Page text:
Skeletons in the Suitcase

Most of you know, I recently got back from a trip to Washington. I flew down to visit some family as they dealt with various health concerns. Life sure does not become simpler as you age, teenage me did not know what she was wishing for.

The last several weeks months have been messy and full of new and less-than-exciting challenges, I have been stretched and tested in new ways. Then, as often happens, I find the growth too. I find the growth in remembering what is good, the structure that holds me up.

I got to visit with my mom, dad, and sister in a rare interruption-free environment. Life right now is a gaggle of children; it is noisy and the time can seldom be pinned down long enough for heart-felt conversations. We have moments that we cherish and I enjoy so deeply, I love raising kids around cousins, and the adventures they experience together. I love being part of the celebration of life, joyfully tumbling out of their mouths. There is so much beauty in all of that, but there was restoration in connecting with my roots.

The original nuclear family of my memory has been scattered for a decade now; one sister in heaven, and the rest of us married with families of our own. We live around each other, we see each other regularly, and we hear each other when possible, over the roar of life’s distractions.

The calmness of that weekend helped remind me where I came from, the things about my family that I love, the things that challenge me, and all of it that has made me who I am today.

The writing comes from them. It was my outlet as the 4th girl in a home awash with emotions, there wasn’t always room for another voice and so I turned to the scritching of a pen on paper.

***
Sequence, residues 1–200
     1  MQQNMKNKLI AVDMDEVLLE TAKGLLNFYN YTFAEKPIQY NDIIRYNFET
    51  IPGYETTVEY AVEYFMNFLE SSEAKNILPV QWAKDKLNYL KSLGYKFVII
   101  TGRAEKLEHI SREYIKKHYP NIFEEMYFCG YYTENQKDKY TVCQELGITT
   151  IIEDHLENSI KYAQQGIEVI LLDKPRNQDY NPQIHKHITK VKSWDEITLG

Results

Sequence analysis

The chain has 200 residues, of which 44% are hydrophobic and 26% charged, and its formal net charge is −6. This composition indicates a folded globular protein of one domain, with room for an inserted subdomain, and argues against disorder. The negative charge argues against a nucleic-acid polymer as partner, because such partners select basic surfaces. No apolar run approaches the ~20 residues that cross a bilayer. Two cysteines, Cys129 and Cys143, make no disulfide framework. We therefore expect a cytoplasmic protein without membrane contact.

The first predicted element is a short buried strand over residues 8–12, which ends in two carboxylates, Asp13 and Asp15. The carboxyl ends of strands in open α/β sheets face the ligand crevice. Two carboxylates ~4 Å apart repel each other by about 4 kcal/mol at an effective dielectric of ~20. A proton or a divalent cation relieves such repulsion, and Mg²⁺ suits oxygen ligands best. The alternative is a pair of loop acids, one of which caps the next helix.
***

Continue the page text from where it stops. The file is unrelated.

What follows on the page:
The balanced optimism comes from them, because I was always taught to look at things from different angles, those of my friends, and through the lens of Heaven.

I remember certain idioms from my father that I find tumbling out of my mouth as I give advice to children or friends. I remember the value placed on time and the understanding of our worth.

“It takes less time to slow down and do it right the first time than it will take do it over.”

I am uncertain whether or not all my family members received these quotes as often as I did, or if my dad was speaking specifically to the girl with a tendency to dream bigger than her means, bigger than the moment at hand. My parents taught me to look for the needs in front of me, they taught me kindness and hospitality and to care for my neighbor with grace.

I think of them often as I stare at all the atrocities in our world and find myself fizzling out, helpless in the desire to defend every cause at once. There are so many worthy causes demanding our time, but I’m useless to all of them when I am stretched in a hundred ways. They taught me to look for the cause in my path and do that well.

Overtime, with practice and prayer my limitations will grow and my path can expand.

“Inch by Inch, Life is a Cinch. Yard by Yard, Life is hard.”